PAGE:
Members showed no ill effect from the switch from two-tier to three-tier co-pay structure either. Much skepticism about the three-tier co-pay structure has resulted from concern that it would encourage medication noncompliance and lead to increased medical costs. To the contrary, according to Motheral, no significant differences in medical costs were seen between the two-tier and three-tier plans.
Across commonly used therapy classes, medication continuation among adults was similar in the one-year follow-up period for the two plans studied by Motheral and Fairman. Only one class of drugs, antihypertensives, showed a statistically significant but small difference in continuation rates.
Comparison of mean emergency room visits for the six months before and after implementation showed no difference between the plans either. Inpatient hospitalizations over the same period remained unchanged.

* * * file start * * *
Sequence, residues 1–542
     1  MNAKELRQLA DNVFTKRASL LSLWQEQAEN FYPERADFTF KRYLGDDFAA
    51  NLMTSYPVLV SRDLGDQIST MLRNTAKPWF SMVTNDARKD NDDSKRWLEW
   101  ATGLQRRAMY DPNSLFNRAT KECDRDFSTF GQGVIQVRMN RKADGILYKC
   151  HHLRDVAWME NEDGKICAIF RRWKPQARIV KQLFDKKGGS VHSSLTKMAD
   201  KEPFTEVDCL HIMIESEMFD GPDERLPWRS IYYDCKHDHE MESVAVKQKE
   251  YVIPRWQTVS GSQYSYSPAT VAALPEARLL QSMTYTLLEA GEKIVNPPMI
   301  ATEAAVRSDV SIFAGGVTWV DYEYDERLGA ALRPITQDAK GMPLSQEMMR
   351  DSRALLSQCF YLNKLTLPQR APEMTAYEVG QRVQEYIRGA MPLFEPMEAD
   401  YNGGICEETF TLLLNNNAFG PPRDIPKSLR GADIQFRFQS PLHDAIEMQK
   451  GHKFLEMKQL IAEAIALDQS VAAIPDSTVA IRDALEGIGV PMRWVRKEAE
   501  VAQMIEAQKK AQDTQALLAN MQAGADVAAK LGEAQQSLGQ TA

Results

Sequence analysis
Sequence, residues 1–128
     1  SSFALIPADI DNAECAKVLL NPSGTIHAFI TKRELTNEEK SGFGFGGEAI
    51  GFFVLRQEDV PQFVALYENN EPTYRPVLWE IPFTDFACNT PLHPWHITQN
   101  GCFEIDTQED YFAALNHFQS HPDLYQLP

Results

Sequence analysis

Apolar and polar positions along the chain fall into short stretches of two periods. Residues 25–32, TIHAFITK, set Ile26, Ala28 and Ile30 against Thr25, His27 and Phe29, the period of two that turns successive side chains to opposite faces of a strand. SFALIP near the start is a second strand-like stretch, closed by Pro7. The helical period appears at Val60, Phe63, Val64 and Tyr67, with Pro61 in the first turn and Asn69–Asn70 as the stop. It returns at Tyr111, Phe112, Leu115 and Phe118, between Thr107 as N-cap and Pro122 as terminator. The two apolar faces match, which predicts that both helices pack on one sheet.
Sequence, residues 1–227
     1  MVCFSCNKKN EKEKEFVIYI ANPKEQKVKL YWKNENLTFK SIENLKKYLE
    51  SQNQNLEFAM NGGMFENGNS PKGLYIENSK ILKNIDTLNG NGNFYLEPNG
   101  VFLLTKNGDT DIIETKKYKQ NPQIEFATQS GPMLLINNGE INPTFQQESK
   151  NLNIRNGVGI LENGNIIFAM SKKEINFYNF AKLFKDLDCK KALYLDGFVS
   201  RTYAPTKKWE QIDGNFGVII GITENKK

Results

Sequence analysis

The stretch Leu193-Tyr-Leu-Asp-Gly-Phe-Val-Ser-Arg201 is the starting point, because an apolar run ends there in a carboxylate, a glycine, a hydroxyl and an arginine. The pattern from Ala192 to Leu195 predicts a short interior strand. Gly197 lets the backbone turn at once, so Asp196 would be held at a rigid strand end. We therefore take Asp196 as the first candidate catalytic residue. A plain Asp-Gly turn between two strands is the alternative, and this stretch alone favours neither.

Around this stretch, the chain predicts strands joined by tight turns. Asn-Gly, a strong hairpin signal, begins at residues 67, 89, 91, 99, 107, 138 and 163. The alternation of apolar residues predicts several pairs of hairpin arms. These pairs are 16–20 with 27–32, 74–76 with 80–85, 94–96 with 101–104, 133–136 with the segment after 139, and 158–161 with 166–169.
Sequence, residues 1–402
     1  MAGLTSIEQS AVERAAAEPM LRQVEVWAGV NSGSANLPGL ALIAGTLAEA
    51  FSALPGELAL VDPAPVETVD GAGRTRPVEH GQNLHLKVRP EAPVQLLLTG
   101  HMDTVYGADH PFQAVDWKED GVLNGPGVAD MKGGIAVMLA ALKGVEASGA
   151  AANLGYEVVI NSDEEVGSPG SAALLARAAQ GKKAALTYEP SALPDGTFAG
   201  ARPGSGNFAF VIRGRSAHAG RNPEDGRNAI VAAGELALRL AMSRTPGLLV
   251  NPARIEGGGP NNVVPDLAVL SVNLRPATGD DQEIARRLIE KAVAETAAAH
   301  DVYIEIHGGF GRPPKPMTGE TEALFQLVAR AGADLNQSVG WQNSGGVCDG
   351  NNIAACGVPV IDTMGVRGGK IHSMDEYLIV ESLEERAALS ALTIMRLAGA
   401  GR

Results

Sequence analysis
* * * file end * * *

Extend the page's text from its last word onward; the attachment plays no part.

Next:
"We wanted to determine whether moving to a three-tier co-pay structure would trigger unintended consequences," said Motheral. "The data show that it did not, at least in the short run."
Motheral says how much a plan sponsor can expect to save with a three-tier co-pay structure varies. "The magnitude of savings will vary, depending on co-pay amounts at the time of the change, co-pay amounts assigned to each of the three tiers, market share of preferred drugs, and the approach to selection of tier-three drugs," she said. This study was supported in part by The Agency for Healthcare Research and Quality.
Synopses of other presentations from the Express Scripts 2000 Outcomes Conference